The all-electric Mercedes EQA is being pushed through the final stages of its development cycle, ahead of its launch at the end of this year. The finished production model will hit showrooms in early 2021.
When it arrives, the EQA will be unique in the premium segment as the only fully electric compact crossover. Competitors from Audi and BMW are still years away from production – and the Tesla Model Y is still yet to make it onto UK shores – so Mercedes will hope to steal a march on its rivals by diving into the segment first.
New 2021 Mercedes EQA: design
Our exclusive images preview how the finished car will look. It will borrow a range of design cues from its larger sibling, the EQC, with similar thin LED headlamps, a blanked off radiator grille and aerodynamically efficient bumpers, which should help to eke every last mile of range from the electric crossover’s body.
This design theme will continue over a range of future EQ models, including the upcoming seven-seat EQB SUV and the EQS saloon. Mercedes’s design chief, Gordon Wagner, commented: “The EQ brand obviously needs a purpose-made language. We showed that with the EQS concept car.
“That shows our language and, when it comes to EQA and EQB, of course, they will share that language and they will share a family resemblance within EQ. They will carry the EQ form identity with a similar face and integration of the grille and headlights we have shown on many cars already.”
The EQA was initially designed to be an A-Class sized hatchback, as shown by the Concept EQA from the 2017 Frankfurt Motor Show. However, Mercedes’s engineers have since shifted the car’s proportions towards that of a compact crossover.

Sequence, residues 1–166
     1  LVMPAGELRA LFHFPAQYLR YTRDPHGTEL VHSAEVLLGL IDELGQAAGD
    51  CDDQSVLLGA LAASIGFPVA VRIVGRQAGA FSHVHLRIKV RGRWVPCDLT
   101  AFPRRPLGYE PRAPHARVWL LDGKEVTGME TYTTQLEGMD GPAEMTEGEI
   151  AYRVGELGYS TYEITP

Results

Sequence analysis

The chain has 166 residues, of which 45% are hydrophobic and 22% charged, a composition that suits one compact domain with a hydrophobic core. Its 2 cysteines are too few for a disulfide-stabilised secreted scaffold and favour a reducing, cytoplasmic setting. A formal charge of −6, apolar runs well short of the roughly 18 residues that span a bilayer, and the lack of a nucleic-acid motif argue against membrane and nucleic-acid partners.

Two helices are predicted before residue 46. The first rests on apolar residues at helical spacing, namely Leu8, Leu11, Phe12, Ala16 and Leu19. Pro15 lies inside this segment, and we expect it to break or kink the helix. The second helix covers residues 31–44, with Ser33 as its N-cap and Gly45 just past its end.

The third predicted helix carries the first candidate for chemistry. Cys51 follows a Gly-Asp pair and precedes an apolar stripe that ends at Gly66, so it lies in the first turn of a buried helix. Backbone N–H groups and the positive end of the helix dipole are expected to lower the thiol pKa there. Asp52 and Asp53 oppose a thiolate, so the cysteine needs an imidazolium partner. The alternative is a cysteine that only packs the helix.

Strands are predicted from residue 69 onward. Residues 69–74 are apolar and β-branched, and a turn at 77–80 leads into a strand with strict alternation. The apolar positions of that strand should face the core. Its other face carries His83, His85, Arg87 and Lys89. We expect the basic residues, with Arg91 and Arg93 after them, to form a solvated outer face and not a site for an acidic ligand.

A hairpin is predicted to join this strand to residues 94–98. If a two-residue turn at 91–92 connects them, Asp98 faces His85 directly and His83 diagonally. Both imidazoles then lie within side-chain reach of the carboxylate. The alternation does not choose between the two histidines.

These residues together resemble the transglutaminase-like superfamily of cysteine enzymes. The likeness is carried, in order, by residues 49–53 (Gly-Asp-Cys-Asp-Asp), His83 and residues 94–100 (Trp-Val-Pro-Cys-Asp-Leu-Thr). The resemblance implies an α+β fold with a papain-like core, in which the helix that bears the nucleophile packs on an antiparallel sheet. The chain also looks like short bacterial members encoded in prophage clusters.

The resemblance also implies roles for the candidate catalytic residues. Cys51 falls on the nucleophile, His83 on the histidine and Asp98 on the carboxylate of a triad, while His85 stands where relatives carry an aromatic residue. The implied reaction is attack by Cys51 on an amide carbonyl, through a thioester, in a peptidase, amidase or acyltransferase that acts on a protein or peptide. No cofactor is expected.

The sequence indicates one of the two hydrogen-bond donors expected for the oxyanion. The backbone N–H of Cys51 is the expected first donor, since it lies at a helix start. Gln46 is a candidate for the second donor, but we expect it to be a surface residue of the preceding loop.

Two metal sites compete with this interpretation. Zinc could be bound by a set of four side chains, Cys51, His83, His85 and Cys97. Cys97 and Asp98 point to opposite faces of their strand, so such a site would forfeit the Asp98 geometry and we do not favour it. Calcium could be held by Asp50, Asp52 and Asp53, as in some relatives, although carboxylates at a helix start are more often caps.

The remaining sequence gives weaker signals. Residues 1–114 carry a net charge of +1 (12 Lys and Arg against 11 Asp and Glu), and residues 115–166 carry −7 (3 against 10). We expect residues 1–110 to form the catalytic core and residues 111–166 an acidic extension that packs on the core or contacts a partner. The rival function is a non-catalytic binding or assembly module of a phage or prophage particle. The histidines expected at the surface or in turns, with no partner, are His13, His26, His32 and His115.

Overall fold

The reasons for this decision are twofold. First, using a crossover as the basis for an electric vehicle provides more space to store the powertrain’s large battery cells without significantly impacting the car’s cabin and boot space.
Secondly (in what’s thought to have been a stronger argument for the brand’s drastic design change from the show car), Mercedes can charge a much higher premium for crossovers, which will help to offset the €10 billion investment the company has sunk into the EQ project.
New 2021 Mercedes EQA: powertrain
Due to its size, the EQA will be based on a modified version of the platform currently used by the A-Class hatchback and GLA crossover. Despite having roots as a platform for combustion-engined cars, the underpinnings offer some flexibility, allowing Mercedes to fit an electric motor on each axle and up to a 60kWh battery pack along the chassis’ spine.
The electric powertrain’s total system output will vary depending on the size of the battery installed (which will also affect the EQA’s price), but Mercedes says the most powerful version will have more than 268bhp. There’ll also be more than 500Nm of torque available, which should give the crossover a 0–62mph of around five seconds.
Mercedes claims the EQA will have a real-world range of around 250 miles between charges. What’s more, the German company has previously stated that all of its future electric models will feature rapid-charging technology, which will allow 60 miles of range to be added in just 10 minutes.